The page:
Although the computer graphics (CG) industry is secure and successful, it is also undergoing rapid technological changes to meet an ever-increasing demand for content. The overall CG market is expected to grow to $147 billion by 2021. From blockbuster movies to marketing campaigns, clients across the board are investing in visually impressive, interactive experiences.
To stay ahead of the curve, production studios are constantly looking to onboard the latest creative technologies into their pipelines. As Head of CG at Saddington Baynes, it’s my responsibility to keep an eye on these new innovations and reshape how our digital artists work accordingly. Here are the most impactful changes coming to the CG community in 2019.
Blurred lines between CG and reality
A huge amount of technology is now dedicated to blending CG and live-action footage, resulting in seamless new environments for audiences to enjoy. The hardware and software have become so advanced that it’s possible to completely replace (or replicate) any set with a CG version, sometimes without a green screen. You can even populate that set with virtual talent and digital humans, as opposed to real actors.
Blending practical effects and CG in this way opens new possibilities, which our team at Saddington Baynes experimented with on a recent pharmaceutical shoot. The crew filmed live action cyclists on a self-engineered bicycle rig and green screen rolling road. This footage was later manipulated in post-production to depict a cyclist defying gravity, with natural dynamic movements, while still keeping the shoot controllable and safe. By integrating production like this, artists can produce incredible shots that previously would not have been possible without a Hollywood-sized budget.
It’s now considered standard for studios to add CG into a live action background, working with the shoot’s cinematic director to pin down an overall look. At Saddington Baynes, we carry out our own live action shoots to maintain control over the set, ensuring consistency and creative direction is accounted for. We capture various lighting setups and camera angles to work with in post-production, making sure our artists have as much room to manipulate a shot as possible. Using the flexibility of CG assets, artists have complete freedom to make dramatic, even fantastical adjustments to a live action shot at any time.
Automated, real-time workflows
Out of all the technology that has changed how artists work in recent years, two innovations particularly standout — cryptomatte and GPU rendering. These technologies are not visually impressive, but they take the pain out of production, reducing administrative tasks and freeing up more time for the creative to actually be creative.
Cryptomatte is a free tool released by Psyop a couple of years ago. It creates ID mattes automatically with support for motion blur, transparency and depth of field. In the past, we had to create a matte for every single small object – either red, green, blue or alpha. Hundreds and hundreds of objects can appear in complicated shots, sometimes layered on top of each other. Compositors and retouchers require mattes so they can isolate a particular piece of an object and manipulate it freely. It wasn’t sexy, but it was necessary. Cryptomatte streamlines that whole painful process, saving time and preventing headaches.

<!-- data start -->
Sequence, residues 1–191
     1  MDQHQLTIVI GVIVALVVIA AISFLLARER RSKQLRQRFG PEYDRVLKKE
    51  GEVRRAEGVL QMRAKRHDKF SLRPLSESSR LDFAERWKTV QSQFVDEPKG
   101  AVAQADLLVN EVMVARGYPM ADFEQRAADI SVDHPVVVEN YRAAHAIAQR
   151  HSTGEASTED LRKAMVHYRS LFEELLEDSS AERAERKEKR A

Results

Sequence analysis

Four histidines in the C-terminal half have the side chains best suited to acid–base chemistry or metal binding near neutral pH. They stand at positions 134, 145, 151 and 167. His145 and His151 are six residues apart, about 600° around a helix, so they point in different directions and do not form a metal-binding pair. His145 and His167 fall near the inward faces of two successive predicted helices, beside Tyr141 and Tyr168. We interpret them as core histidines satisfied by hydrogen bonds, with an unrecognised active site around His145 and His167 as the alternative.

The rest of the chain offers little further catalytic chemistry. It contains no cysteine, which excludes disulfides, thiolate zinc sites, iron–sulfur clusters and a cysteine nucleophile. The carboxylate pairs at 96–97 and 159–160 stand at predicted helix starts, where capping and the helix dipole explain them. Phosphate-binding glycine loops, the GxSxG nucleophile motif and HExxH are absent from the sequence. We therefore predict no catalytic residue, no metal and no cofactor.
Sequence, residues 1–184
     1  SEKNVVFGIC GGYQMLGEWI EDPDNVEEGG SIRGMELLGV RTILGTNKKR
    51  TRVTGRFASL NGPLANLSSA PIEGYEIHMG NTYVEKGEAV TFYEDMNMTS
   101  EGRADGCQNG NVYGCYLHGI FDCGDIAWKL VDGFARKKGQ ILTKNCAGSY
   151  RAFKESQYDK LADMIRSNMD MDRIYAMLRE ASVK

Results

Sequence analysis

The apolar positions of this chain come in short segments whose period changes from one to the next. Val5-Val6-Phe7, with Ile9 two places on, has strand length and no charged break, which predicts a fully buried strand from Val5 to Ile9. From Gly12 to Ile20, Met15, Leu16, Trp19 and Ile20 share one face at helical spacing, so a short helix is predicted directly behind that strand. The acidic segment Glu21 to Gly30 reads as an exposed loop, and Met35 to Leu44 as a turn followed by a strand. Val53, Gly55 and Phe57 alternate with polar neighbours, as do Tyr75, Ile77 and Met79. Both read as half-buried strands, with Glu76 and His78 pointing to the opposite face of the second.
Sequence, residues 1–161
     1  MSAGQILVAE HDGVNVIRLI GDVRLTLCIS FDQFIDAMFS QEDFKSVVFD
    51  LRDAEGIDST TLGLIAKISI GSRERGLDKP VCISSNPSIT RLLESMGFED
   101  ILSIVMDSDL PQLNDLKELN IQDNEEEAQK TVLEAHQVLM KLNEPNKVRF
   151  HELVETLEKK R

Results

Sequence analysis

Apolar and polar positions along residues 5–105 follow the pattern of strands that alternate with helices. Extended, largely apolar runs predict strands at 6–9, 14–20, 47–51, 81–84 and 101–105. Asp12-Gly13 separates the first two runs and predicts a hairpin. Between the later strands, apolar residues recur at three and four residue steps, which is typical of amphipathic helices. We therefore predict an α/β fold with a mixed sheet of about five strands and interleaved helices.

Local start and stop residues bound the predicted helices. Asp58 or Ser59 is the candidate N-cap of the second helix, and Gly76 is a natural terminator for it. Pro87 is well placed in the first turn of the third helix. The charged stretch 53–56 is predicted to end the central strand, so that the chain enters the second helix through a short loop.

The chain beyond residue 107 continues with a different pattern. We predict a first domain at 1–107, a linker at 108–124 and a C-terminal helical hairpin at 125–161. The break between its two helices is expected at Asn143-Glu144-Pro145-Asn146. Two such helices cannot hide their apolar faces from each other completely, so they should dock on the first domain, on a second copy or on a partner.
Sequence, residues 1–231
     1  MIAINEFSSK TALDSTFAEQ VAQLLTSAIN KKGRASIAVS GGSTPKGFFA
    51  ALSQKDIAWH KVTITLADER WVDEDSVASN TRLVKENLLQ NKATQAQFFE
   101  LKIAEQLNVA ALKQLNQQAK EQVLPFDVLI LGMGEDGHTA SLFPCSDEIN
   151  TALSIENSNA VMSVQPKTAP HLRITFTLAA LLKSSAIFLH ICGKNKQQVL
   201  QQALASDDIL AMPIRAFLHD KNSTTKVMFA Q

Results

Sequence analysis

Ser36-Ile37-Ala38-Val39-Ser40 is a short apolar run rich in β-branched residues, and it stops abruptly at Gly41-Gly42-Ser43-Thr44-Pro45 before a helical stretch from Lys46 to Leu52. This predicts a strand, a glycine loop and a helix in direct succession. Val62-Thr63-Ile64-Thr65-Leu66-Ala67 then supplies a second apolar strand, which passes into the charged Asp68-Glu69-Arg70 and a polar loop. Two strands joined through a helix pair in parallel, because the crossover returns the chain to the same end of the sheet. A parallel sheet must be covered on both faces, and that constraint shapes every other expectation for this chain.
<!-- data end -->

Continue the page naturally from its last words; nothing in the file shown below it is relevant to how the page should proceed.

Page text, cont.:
Also on the rise is GPU rendering. It’s been around for ages but not necessarily picked up as industry-standard. Ongoing software and hardware developments mean that this workflow is becoming more and more accessible. GPU rendering will allow artists to stay creative and turnaround more iterations, without being held up by expensive or delayed renders. Artists are also more likely to notice any potential errors as they appear. It’s something we’ve recently introduced to the Saddington Baynes pipeline. With GPU rendering, artists can explore extra lighting and texturing options throughout the working day, without losing their train of thought.
The rise of remote working
Visual communication technologies have advanced, becoming secure and speedy enough to handle the big data demands of CG software. When I first started in the CG business, we’d always work with clients face-to-face. Now, everything is done via phone calls, screen shares and project management software, allowing studios to streamline the review process for both in-house and client-facing shots.
For example, on a recent production for automotive brand Nio, the client was based in Germany and the project was under strict non-disclosure. Using a fully CG workflow, Saddington Baynes could communicate remotely with Nio, whilst ensuring their new car launch was kept secret. Having no physical photoshoot meant that launch videos could be swiftly delivered, without anyone seeing a physical prototype of the car.
We’ve essentially gone through a worldwide production revolution. Sometimes this can be challenging, as the creative nuances of a project might get lost in email chains and phone calls, but it also means that we can also be more nimble and jump on a quick call without disturbing the client’s working day. There are plenty of collaborative tools available to allow for transparent comms — and in a market where clients, producers and artists collaborate at a global level, you’re going to need them.
Rebekah King-Britton is Head of CG at London’s production studio Saddington Baynes. She leads the 3D team in crafting digital environments, characters and products for a wide variety of clients.